In the run-up to the Iraq War, there were very few voices in the media who were openly opposed to it, even on MSNBC. One of the loudest critics at the time was Phil Donahue, and despite the fact that his MSNBC show Donahue did well compared to other MSNBC shows at the time, it was cancelled less than a year after it began. With the war’s 10th anniversary upon us this week, Donahue sat down with HuffPostLive to talk about his firing and time at the network, as well as making some interesting comments about Chris Matthews. Donahue said his popularity at the network was a personal threat to Matthews, who he described as “emotionally upset.”RELATED: Matthews And Guests Utterly Perplexed That Blacks Could Support ‘Pure Racism’ Of The Tea Party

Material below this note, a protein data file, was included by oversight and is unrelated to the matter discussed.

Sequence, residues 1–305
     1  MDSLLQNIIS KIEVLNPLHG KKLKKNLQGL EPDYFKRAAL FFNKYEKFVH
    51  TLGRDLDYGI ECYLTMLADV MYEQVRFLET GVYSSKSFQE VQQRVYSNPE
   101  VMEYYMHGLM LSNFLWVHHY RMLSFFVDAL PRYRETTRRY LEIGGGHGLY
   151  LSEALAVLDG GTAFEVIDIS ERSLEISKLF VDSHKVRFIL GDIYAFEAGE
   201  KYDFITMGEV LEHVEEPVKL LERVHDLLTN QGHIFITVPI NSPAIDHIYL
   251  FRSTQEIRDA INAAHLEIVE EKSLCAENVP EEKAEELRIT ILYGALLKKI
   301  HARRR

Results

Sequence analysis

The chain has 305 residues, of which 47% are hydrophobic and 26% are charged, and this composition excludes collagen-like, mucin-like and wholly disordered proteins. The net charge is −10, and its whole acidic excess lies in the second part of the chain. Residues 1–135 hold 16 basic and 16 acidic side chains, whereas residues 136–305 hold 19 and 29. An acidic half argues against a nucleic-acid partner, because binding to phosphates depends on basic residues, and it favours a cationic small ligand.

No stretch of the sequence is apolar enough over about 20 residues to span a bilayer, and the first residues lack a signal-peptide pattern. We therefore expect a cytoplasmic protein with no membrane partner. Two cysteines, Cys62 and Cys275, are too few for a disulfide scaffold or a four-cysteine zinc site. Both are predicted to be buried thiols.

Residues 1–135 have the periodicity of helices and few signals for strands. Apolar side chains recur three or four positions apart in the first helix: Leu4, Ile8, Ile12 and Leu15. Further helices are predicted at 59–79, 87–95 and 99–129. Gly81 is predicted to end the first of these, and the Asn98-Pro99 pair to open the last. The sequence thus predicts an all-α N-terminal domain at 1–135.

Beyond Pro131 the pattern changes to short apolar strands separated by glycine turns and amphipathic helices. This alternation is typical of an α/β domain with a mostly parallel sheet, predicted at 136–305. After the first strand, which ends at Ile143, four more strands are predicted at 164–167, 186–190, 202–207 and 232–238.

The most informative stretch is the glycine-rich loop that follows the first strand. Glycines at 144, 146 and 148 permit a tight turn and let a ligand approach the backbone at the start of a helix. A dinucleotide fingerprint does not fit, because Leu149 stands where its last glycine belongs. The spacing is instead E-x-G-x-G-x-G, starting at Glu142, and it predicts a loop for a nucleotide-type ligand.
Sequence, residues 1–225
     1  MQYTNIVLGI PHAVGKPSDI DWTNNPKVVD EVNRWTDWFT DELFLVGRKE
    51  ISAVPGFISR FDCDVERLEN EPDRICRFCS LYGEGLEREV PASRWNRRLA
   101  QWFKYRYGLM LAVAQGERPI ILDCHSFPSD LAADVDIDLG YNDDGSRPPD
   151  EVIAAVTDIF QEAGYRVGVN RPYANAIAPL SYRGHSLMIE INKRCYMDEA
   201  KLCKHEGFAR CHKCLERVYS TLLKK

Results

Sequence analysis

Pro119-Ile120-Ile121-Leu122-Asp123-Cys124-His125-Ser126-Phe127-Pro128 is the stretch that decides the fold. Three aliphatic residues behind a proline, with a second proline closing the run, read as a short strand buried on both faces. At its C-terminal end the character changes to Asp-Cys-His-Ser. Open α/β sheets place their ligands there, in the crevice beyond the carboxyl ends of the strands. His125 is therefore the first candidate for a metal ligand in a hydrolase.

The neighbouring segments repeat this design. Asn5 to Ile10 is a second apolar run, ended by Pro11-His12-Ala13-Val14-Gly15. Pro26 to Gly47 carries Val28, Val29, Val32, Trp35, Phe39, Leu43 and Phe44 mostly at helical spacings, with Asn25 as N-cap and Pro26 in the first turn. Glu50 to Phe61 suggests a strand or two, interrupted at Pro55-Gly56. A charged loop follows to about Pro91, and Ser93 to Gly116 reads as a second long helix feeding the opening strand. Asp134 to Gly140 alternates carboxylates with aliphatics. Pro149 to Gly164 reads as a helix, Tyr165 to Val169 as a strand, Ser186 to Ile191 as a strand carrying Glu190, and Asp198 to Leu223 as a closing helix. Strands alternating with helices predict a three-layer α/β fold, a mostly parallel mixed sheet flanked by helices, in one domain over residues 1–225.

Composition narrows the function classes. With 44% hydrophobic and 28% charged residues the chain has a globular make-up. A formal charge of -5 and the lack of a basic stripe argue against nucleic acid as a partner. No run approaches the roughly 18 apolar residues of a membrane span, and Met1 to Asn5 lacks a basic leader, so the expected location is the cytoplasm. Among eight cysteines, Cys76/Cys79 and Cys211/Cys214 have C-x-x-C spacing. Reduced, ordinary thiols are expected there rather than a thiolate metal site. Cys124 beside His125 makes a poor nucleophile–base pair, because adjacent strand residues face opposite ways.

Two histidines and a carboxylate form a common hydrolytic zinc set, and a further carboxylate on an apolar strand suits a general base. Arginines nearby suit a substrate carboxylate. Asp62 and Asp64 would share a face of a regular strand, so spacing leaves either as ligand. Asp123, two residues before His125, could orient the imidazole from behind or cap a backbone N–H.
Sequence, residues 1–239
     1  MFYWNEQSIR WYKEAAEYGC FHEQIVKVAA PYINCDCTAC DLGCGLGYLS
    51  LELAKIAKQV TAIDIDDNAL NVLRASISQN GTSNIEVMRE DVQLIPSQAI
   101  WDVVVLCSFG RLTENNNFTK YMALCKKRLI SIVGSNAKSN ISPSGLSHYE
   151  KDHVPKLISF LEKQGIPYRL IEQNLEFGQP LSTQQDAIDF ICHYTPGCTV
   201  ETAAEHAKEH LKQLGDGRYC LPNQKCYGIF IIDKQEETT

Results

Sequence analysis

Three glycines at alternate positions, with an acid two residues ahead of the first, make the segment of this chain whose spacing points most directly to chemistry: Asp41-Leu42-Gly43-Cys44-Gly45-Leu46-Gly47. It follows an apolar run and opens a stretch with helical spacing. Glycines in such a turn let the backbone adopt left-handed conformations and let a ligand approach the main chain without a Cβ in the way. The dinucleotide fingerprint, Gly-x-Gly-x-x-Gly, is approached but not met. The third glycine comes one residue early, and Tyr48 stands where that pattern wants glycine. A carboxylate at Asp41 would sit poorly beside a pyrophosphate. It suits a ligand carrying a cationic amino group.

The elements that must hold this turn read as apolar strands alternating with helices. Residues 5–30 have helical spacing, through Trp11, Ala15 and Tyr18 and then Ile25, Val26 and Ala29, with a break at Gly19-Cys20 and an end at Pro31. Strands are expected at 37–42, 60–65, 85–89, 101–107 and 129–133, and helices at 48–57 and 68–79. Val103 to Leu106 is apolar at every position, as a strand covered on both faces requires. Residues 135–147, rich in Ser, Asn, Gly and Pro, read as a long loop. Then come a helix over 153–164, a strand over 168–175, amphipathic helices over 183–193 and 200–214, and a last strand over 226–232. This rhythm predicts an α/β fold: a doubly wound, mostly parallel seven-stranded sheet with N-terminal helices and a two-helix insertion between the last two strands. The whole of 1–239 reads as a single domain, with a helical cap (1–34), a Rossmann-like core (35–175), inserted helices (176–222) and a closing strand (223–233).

Marc Lamont Hill played a clip of Donahue and Matthews back in 2002, in which Matthews berates Donahue for always being so negative and pessimistic about the United States. After briefly dissecting how people like Matthews at the time were unfairly equating patriotic dissent with hating the U.S., Donahue divulged some information about his former colleague. He said that Matthews “wanted to be the face of the network” and noted how he was quoted in a magazine as predicting Donahue would be MSNBC’s downfall.
Donahue shared his theory on why Matthews disliked him so much.
“I think he saw me as a threat to his supremacy. He wanted to be the face of MSNBC, and here comes this talk show host… I think I was a threat to his goal of being the man of MSNBC. And he was quite emotional. He was emotionally upset.”